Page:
I guess that’s why I’m so impressed with her.  She seamlessly combines religion and education in a way that isn’t overtly annoying, judgmental, flashy, or defensive.  She is herself.  She is confident in her beliefs.  And she’s also a critical thinker.  She thinks about what she reads and she disputes it if necessary.

This critical thinking is something I plan to take from her example.  I realized as I read her book that when I read something in print, whether it be an essay on education or an article in The New York Times, I tend to believe every word of it.  I swallow and accept it as truth.  I assume that what other people are writing and saying must be right if it is in print or if it appears in a venerable publication.  However, Robinson several times based her essays on others’ printed words, using them as a springboard to elucidate her own truth.  She isn’t afraid to argue with other great minds.  She isn’t easily sucked in by everything that is printed.  And she shouldn’t be.  She’s a great mind herself.  I know that I must now filter what I read through my own lens of experience and beliefs.

Robinson also takes on atheists in the most eloquent and educated manner that I’ve ever encountered.  I am not an atheist, as is probably obvious from some of my other posts, but I have a few friends and acquaintances that are.  I never know what to say when the subject of God is brought up.  I don’t ever want to offend my friends or make them feel uncomfortable.  And, I am honestly not that good at speaking extemporaneously.  I’m that person who thinks of a really pertinent or witty remark days after the incident in which it would have been appropriate.

Anyway, Robinson explores these issues with aplomb and directness. She isn’t overtly emotional or religiously fanatical.  She says, “undignified, obscurantist, and xenophobic Christianity closes the path” for “many good people” (137).  I don’t think anybody could have said it better.  My favorite part of her argument is from the essay “The Human Spirit and the Good Society,” when after exploring many anthropological and secular theories of human nature, she says:

“I would like to propose a solution of sorts, ancient and authoritative but for all that very sporadically attended to.  What if we were to say that human beings are created in the image of God?  It will certainly be objected that we have no secure definitions of major terms.  How much do we know about God, after all?  How are we to understand this word ‘created’? . . . But it is on just these grounds that this conception would rescue us from the problems that come with our tendency to create definitions of human nature that are small and closed.  It would allow us to acknowledge the fact, manifest in our culture and history, that we are both terrible and very wonderful” (158-59).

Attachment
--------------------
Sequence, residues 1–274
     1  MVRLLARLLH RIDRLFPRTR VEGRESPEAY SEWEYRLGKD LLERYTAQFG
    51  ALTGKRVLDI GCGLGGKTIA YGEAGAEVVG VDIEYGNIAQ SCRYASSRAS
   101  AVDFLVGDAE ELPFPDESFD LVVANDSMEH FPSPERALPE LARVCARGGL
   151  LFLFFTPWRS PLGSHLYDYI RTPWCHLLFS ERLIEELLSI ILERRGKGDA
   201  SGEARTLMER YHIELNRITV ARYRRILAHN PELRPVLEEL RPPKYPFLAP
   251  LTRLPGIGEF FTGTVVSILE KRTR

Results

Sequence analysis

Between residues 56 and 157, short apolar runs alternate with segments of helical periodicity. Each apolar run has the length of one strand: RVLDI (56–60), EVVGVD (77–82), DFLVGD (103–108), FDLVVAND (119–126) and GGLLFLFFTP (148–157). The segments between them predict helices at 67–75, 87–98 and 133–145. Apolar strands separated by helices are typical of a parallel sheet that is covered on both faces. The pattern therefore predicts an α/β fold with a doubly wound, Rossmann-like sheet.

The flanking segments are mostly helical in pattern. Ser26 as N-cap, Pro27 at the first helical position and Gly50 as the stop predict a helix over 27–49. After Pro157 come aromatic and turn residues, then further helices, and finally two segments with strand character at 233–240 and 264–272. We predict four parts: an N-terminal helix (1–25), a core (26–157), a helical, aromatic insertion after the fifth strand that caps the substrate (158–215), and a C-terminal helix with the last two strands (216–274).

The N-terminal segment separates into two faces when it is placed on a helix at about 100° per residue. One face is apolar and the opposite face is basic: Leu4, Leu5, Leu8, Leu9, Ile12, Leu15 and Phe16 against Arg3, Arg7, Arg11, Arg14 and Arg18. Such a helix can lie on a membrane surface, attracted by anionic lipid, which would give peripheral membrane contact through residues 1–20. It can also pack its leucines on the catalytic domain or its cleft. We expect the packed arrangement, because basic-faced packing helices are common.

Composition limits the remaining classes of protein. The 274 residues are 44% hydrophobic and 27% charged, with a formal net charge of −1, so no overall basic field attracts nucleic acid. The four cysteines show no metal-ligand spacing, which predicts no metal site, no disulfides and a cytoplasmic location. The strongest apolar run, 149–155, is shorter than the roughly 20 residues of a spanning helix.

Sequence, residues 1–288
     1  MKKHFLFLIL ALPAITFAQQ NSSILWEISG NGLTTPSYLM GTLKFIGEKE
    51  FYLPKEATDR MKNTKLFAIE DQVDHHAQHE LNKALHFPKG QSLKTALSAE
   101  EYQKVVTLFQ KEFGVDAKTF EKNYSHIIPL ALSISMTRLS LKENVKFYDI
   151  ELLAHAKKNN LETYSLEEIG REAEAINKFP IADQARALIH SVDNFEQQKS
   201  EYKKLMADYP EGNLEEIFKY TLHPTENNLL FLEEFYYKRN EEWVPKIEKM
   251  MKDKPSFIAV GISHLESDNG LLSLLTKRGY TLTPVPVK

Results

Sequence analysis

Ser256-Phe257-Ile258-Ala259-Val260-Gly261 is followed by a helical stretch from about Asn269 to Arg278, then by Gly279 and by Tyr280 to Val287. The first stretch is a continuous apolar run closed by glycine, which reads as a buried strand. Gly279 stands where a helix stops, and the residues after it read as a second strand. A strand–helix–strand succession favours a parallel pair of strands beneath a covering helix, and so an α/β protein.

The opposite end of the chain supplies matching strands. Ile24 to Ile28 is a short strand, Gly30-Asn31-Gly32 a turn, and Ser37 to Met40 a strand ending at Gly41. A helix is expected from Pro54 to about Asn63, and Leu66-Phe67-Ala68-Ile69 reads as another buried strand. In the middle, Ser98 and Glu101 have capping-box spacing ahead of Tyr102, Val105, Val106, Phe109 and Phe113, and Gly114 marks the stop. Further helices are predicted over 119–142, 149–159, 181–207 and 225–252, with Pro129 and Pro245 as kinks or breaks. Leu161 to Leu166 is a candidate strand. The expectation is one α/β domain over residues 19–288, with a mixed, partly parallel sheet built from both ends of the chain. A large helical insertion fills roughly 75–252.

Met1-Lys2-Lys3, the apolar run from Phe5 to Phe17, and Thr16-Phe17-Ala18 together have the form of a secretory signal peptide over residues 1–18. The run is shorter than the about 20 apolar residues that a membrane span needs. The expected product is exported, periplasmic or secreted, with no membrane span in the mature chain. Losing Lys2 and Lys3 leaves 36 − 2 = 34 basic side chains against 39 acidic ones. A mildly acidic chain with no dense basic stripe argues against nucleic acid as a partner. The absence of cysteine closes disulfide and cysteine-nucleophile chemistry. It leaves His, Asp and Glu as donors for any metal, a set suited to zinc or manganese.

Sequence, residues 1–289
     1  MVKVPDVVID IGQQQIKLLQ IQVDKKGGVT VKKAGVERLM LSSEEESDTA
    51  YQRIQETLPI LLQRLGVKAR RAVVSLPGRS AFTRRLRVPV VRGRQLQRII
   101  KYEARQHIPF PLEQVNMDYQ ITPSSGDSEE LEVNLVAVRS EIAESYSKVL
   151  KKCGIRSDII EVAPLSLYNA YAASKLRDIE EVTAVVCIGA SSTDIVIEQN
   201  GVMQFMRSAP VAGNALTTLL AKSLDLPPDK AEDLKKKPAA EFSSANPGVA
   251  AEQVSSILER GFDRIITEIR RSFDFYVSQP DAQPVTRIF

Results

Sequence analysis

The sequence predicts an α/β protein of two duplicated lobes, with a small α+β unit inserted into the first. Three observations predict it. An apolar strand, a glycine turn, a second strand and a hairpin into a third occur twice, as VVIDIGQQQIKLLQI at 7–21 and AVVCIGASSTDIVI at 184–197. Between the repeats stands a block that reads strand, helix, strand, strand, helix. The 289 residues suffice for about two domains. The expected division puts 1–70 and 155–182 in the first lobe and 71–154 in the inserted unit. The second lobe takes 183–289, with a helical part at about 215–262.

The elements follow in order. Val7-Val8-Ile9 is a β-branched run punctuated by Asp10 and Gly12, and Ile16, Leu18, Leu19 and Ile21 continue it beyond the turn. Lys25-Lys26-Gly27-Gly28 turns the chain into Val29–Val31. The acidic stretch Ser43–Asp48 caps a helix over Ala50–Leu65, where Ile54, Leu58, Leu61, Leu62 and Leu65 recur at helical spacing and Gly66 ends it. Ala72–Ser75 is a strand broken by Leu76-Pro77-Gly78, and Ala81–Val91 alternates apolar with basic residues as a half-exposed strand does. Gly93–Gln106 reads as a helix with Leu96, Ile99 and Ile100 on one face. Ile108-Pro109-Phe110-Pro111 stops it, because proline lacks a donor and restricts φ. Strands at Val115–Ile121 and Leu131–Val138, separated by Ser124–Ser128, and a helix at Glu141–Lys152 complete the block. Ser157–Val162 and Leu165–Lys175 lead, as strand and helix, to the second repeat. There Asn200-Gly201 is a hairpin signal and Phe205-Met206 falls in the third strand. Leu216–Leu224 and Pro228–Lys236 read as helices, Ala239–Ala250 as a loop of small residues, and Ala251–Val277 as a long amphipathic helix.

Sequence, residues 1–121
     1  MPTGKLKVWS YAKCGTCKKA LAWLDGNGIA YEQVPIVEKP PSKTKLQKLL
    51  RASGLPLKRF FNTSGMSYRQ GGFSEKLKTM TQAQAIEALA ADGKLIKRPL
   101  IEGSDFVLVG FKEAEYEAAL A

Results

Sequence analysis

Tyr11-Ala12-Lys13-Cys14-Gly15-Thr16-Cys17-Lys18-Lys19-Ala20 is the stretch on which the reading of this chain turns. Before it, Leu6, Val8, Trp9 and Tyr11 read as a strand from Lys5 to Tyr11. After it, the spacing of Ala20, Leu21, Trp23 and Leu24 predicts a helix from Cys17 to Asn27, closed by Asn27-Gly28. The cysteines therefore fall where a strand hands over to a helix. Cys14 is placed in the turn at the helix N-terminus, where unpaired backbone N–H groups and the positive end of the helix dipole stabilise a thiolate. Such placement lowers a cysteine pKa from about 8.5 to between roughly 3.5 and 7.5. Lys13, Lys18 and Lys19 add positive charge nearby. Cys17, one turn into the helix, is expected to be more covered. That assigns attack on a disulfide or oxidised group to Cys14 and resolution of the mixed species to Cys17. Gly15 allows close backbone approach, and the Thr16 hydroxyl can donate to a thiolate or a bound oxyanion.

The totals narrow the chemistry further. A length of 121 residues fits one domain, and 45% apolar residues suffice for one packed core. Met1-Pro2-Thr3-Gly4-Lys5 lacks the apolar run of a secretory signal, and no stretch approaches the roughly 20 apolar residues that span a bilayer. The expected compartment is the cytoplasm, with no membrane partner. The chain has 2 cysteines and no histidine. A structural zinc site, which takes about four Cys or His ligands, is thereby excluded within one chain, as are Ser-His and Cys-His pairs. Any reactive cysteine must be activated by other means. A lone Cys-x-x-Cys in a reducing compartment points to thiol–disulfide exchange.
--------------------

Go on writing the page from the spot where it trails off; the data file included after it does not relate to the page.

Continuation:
As a person who believes in God, I felt comforted to hear an academic person say this.  She stands up for God in such an eloquent and rational way.  I have felt myself shrink from claiming to be religious at times, especially when those portrayed on television as religious, particularly in the political arena, come across as so crazed and extreme.  I am not radical and I am not a zealot, but I do believe in God, and it’s good to know that there are other moderate people out there like me who can be scholarly, articulate, and religious.  Robinson proves that being religious doesn’t equal being crazy.

And, on a much lighter note, I’m proud to say that I only struggled with understanding three of the words in the entire book.  I guess all that GRE studying has paid off!  Here they are:

alembic: anything that distills or purifies

pogrom: an organized or officially encouraged massacre or persecution of a minority group

anneal: to strengthen or harden


Robinson, Marilynne.  When I Was a Child I Read Books: Essays.  New York: Farrar, Straus and Giroux, 2012.